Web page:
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Press Release

FOR IMMEDIATE RELEASE

 

Date: March 7, 2024     

Contact:  Fire Chief Brian Brett | 509-662-4734 | bbrett@wvfire.org

 

Wenatchee Valley Fire Department considering change for 2025 budget

Community invited to March 13 meeting to learn about a proposed fire benefit charge

 

Wenatchee, Wash. – The Wenatchee Valley Fire Department adopted its 2024 budget. The fire department operates under a balanced budget, which identifies the operational and capital needs required to provide fire and emergency medical services to the community.


“Transparency and accountability are key to maintaining the public trust,” Fire Chief Brian Brett said. “We work for you and believe it is critical for our community to understand how we are funded. This is a partnership to save lives and property and we’re grateful for the community’s support.”


How we fund emergency services


The Wenatchee Valley Fire Department funds emergency services with a fire levy paid through property taxes. The fire levy accounts for 90 percent of the fire department’s budget and is capped at $1.50 per $1,000 of assessed property value.


We are considering a fire benefit charge as a fairer way to fund emergency services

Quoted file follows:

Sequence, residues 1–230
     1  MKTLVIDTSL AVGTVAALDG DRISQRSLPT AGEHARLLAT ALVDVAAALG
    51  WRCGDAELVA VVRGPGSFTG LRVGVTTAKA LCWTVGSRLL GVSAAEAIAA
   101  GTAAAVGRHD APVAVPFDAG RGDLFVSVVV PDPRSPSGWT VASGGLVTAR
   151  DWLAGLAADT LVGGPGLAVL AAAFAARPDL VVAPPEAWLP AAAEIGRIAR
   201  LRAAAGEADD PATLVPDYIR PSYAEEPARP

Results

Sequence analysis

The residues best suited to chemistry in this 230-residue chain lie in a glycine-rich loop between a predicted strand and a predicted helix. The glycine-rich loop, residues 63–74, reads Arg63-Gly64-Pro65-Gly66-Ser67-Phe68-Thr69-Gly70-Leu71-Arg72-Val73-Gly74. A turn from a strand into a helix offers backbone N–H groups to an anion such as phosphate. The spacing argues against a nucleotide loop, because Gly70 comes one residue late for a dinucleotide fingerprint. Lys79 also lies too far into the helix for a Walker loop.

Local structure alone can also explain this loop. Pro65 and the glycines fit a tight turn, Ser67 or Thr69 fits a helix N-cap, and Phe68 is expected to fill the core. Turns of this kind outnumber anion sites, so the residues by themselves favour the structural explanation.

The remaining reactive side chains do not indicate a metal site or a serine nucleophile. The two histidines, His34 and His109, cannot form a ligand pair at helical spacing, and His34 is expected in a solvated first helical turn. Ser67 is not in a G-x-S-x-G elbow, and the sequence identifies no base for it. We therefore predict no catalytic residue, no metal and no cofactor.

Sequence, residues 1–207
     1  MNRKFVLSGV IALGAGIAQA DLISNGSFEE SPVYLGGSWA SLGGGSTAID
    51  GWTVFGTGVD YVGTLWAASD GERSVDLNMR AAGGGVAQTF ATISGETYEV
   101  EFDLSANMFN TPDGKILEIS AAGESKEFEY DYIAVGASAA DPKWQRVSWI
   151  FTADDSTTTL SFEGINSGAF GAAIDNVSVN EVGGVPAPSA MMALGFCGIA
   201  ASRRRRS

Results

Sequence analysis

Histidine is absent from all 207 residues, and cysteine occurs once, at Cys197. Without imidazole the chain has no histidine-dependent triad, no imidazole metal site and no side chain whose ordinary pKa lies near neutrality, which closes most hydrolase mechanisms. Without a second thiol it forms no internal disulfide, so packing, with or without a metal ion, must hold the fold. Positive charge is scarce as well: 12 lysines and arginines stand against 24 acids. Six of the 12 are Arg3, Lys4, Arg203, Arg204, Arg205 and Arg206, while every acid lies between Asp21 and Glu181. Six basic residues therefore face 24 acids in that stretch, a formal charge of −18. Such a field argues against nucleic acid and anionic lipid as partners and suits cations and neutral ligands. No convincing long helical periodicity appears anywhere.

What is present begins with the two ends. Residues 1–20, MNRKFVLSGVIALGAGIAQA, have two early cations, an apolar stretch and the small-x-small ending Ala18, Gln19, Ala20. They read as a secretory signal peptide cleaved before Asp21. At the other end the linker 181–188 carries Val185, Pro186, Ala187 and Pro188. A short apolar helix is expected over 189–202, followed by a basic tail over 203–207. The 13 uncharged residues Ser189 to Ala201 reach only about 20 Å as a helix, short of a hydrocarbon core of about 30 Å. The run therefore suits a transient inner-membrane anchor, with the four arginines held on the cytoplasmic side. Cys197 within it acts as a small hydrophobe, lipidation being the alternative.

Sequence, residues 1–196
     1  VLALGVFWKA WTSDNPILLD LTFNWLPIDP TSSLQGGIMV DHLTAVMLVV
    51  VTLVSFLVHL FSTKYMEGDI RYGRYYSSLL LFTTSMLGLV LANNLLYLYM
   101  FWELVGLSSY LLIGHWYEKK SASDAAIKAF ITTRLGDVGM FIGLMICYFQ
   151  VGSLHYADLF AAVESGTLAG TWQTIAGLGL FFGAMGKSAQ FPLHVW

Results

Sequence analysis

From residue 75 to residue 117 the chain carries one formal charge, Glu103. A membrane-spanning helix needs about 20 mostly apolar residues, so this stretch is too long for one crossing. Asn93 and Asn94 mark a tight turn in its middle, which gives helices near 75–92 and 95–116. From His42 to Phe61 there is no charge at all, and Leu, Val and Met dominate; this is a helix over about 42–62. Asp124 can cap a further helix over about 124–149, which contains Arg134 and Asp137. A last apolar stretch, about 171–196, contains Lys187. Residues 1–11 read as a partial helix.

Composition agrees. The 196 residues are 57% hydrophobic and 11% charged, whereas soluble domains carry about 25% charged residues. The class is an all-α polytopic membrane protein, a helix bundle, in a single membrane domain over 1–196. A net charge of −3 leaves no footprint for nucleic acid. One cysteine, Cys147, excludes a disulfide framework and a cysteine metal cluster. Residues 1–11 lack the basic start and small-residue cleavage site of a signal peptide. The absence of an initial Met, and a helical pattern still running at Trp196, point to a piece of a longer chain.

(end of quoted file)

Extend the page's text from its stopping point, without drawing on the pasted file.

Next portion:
“Under the current model, funding for emergency services comes from a fire tax levy based on a property’s assessed value only,” Fire Chief Brett said. “This means two houses of the same size can pay dramatically different amounts depending on their location within our service area. However, the cost to defend them in a fire is likely the same.”

The fire department is looking at a fairer way to fund emergency services. The department is proposing what is known as a fire benefit charge. Under a fire benefit charge, two houses of equal size would pay the same fire benefit charge.

The Board of Fire Commissioners would set the amount of the fire benefit charge each year based on a property’s size, use, and cost to serve in a fire. Smaller structures, such as single-family homes, are charged less than larger commercial or industrial buildings because it costs less to put fires out in a home. Under a fire benefit charge, the fire levy rate is reduced from $1.50 to $1.00 per $1,000 of assessed property value.


A fire benefit charge must be approved by voters. The fire department is considering asking voters for a fire benefit charge in the August 6, 2024, primary election.


Voters in more than 20 fire districts in the state have approved a fire benefit charge as a more balanced way to fund emergency services.


Join us at the March 13 board meeting to learn more


The Board of Fire Commissioners will meet on March 13 to hear a presentation from Fire Chief Brian Brett on the proposed fire benefit charge. The community is encouraged to attend the meeting at 2 p.m. at Fire Station 1, 377 Eastmont Ave., East Wenatchee, to learn more about how a fire benefit charge works.


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